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Upholding The Responsibility to Protect, The Year Ahead 
Global Centre for the Responsibility to Protect
Open Letter to United Nations Member States
20 September 2011
  
Six years after world leaders committed to secure a world free from the scourge of mass atrocity crimes, attention today is focused on how best to operationalize the responsibility to protect (R2P), not the merits of the norm. As heads of state gather in New York this week to discuss the most pressing issues of the day, setting goals for advancing R2P over the next year should be a priority.
 
This year has seen significant advances in upholding the responsibility to protect populations from genocide, war crimes, crimes against humanity and ethnic cleansing. Lives have been saved in Guinea, Côte d’Ivoire and Libya, and important steps have been taken to strengthen the institutional capacities of governments and the United Nations (UN) to prevent and protect.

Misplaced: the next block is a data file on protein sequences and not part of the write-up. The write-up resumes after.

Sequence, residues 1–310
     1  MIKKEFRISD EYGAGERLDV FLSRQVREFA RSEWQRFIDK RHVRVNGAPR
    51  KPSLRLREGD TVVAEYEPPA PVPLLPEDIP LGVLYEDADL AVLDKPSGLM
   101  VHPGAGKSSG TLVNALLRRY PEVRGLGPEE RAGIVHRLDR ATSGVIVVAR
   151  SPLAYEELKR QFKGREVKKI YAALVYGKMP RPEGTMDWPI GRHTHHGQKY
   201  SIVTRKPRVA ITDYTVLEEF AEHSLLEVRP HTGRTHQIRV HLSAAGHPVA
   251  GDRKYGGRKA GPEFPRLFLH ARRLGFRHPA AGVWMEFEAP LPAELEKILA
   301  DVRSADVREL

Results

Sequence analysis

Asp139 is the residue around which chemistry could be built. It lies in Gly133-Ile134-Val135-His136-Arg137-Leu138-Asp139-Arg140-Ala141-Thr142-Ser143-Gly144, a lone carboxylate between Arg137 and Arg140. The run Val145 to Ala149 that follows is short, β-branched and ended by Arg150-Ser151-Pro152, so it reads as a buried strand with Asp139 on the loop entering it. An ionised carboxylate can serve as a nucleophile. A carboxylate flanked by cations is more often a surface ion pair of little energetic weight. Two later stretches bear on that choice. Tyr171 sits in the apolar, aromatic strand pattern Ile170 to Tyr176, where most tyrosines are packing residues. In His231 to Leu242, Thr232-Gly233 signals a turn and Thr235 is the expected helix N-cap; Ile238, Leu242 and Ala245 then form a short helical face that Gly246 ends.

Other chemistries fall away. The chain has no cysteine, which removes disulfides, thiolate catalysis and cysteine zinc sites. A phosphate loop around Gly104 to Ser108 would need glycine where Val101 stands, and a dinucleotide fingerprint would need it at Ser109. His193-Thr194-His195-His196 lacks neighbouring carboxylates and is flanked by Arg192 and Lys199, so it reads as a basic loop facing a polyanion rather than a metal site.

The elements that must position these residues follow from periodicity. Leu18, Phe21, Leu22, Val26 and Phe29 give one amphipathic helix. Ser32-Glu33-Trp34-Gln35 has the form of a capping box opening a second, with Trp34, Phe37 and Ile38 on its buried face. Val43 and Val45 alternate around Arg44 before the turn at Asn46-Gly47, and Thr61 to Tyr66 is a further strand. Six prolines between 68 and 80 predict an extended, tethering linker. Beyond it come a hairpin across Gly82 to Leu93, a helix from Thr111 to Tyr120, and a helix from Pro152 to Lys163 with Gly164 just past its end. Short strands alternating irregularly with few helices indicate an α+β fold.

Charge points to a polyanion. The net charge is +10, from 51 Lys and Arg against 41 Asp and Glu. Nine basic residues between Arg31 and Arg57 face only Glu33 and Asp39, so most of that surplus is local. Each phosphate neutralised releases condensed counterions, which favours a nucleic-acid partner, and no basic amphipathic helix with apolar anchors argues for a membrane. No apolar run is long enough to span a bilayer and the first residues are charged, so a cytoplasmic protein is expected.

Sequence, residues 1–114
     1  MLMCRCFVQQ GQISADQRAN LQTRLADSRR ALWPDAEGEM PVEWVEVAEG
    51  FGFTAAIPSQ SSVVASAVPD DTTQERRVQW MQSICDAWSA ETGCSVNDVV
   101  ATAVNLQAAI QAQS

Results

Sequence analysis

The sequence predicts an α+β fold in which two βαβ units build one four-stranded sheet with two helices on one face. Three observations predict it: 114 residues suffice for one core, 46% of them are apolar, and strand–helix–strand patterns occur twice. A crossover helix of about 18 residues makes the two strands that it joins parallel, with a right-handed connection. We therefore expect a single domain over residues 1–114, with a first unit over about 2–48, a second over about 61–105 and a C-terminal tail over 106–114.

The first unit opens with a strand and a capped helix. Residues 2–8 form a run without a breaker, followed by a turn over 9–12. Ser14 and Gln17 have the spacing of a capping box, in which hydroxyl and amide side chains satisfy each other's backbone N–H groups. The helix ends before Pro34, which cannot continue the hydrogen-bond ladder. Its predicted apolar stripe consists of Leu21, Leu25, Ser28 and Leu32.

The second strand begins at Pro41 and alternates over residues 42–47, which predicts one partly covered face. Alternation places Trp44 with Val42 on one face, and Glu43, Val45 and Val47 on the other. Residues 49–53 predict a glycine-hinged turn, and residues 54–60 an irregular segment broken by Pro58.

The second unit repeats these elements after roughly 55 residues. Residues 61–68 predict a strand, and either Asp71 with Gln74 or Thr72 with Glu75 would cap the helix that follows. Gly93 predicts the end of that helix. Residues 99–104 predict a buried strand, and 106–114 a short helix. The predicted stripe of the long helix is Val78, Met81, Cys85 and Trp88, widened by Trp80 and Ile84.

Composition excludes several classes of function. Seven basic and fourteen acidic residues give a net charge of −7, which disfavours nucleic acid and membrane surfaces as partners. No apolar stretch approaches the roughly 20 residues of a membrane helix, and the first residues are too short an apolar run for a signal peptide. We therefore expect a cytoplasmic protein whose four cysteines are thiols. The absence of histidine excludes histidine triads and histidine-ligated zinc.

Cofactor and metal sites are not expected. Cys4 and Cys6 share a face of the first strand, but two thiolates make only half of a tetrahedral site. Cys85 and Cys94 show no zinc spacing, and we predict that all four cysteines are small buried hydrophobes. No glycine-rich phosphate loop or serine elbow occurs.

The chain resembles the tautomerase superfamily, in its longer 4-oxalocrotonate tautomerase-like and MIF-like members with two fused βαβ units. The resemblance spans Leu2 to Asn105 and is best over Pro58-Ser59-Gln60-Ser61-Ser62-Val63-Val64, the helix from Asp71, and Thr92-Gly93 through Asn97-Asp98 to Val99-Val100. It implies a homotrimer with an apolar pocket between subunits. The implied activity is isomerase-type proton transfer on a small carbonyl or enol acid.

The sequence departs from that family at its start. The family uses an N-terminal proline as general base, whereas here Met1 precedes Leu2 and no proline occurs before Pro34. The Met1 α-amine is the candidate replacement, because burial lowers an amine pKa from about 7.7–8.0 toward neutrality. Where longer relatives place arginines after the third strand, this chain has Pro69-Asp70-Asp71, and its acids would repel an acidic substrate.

This past year has shown that states working together through international, regional and sub-regional organizations can, by employing a range of peaceful and coercive measures, deter and halt the commission of mass atrocities. Swift and sustained international engagement in Guinea helped to stave off a recurrence of mass atrocities and illustrated how preventive measures can be used in a timely and decisive manner to save lives. In Libya and Côte d’Ivoire an array of non-coercive measures were exhausted before the difficult decision was made to resort to the use of force in response to governments intent on perpetrating mass atrocities against their own populations.